3. Be upfront with product stock levels
As with shipping costs, don’t wait until the checkout process to tell customers that the product they want is out of stock! Shoppers don’t like nasty surprises. If a product isn’t in stock, tell them so on the product page, and give them an option to pre-order the product if they want to.
4. Include product details in the checkout
People like to be reassured that they’re buying the correct product.
When showing a shopper their cart, don’t just use product names, SKUs, and prices. Include the manufacturer name. Model number. Product photo. A link back to the product page (open it in a new window if you have to).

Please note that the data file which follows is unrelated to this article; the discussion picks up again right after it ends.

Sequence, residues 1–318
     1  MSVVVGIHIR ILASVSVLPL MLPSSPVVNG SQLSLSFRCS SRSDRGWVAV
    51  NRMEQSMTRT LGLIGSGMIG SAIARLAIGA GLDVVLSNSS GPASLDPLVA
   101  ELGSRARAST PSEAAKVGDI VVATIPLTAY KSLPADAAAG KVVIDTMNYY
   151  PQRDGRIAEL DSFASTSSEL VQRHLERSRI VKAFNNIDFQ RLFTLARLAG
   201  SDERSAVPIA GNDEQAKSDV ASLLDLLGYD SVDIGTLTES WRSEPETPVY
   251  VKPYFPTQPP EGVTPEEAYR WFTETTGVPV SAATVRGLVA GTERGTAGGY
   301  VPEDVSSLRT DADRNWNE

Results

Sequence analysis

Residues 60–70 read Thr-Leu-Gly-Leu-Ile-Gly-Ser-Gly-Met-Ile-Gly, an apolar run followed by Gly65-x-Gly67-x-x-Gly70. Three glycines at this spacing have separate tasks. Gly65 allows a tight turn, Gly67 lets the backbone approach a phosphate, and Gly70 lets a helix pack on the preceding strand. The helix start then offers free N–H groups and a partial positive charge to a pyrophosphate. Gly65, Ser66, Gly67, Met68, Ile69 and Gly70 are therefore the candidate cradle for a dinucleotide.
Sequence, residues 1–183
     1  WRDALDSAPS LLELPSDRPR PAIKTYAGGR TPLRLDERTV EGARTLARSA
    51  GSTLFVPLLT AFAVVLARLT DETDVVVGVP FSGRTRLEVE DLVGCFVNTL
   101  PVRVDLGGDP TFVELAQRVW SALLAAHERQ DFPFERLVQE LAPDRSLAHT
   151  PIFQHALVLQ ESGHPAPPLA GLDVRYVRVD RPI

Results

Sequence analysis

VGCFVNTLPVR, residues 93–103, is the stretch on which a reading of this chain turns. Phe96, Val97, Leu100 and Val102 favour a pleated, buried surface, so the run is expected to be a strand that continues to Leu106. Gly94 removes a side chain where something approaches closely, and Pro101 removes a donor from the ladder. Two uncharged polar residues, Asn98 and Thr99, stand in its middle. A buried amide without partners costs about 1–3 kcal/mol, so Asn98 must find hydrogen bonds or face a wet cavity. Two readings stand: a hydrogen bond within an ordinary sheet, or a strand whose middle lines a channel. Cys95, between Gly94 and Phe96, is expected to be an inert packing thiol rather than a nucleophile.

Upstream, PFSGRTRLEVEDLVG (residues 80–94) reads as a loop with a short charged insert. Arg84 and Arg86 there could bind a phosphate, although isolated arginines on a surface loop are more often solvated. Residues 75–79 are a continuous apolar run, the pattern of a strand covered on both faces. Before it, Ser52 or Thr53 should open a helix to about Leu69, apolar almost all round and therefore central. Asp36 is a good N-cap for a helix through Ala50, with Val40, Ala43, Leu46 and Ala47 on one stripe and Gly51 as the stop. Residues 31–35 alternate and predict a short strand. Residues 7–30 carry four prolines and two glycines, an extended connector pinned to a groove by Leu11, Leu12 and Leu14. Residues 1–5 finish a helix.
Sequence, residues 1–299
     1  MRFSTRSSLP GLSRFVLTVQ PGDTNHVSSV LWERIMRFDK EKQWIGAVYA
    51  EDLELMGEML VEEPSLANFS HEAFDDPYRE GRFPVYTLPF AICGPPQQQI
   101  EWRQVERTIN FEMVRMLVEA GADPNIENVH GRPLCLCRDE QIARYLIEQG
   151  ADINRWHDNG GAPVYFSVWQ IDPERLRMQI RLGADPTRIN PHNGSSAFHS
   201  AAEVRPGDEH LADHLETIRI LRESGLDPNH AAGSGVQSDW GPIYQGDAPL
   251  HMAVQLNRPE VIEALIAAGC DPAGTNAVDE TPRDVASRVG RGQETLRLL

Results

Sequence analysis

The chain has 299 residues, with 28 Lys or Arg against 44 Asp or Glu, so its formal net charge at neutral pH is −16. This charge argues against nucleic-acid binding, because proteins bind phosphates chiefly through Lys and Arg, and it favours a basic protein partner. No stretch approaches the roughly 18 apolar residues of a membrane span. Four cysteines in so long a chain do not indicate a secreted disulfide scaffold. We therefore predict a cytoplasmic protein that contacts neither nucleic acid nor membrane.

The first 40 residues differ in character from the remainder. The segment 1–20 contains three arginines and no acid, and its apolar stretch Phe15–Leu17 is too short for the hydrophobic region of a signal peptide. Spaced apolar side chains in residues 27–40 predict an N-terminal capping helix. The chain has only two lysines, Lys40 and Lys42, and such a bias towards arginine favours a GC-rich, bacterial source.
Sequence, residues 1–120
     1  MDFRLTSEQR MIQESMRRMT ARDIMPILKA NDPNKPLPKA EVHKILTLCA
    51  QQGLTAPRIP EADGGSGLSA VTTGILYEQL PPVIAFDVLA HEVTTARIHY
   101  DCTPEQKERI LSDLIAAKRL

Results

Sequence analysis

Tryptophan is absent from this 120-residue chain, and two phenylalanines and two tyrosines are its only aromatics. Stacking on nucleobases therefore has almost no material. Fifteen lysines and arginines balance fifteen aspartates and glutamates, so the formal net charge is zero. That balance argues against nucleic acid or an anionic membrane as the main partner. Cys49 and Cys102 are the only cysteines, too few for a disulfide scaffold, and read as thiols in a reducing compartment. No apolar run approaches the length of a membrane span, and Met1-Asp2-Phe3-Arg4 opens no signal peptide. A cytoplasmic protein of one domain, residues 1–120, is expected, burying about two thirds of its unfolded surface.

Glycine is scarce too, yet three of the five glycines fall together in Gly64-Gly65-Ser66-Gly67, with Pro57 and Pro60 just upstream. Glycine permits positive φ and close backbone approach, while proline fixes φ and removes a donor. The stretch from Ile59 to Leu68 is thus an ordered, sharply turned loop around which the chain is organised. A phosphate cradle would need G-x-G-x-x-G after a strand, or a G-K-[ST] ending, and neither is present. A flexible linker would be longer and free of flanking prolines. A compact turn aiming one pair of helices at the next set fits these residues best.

Give them all the information they need to confirm that they’re buying the right thing.
5. Don’t ask for unnecessary information
Some checkout forms read like tax returns. Don’t overwhelm the shopper with lots of unnecessary, confusing fields to fill in. Make fields optional if possible. If you do require something other than the bare essentials, explain to the shopper why you require it (such as “We require your phone number so we can contact you to verify your order”).
Common examples of unnecessary checkout form fields:
- Fax number (who uses a fax these days?)
- Title (“do you really need to know if I’m a Mr, a Mrs, or a Miss?”)
- Company name (OK for B2B sites, but shouldn’t be required for B2C)
- Date of birth (“excuse me!”)
- Credit card type (“work it out yourself from my card number!”)
- How did you hear about us? (great for marketing, but not if it puts the shopper off)
- Separate “shipping address” fields, with no “the shipping address is the same as the billing address” option (“I really shouldn’t have to copy and paste between fields. Make life easy for me!”)
6. Keep the checkout process short and simple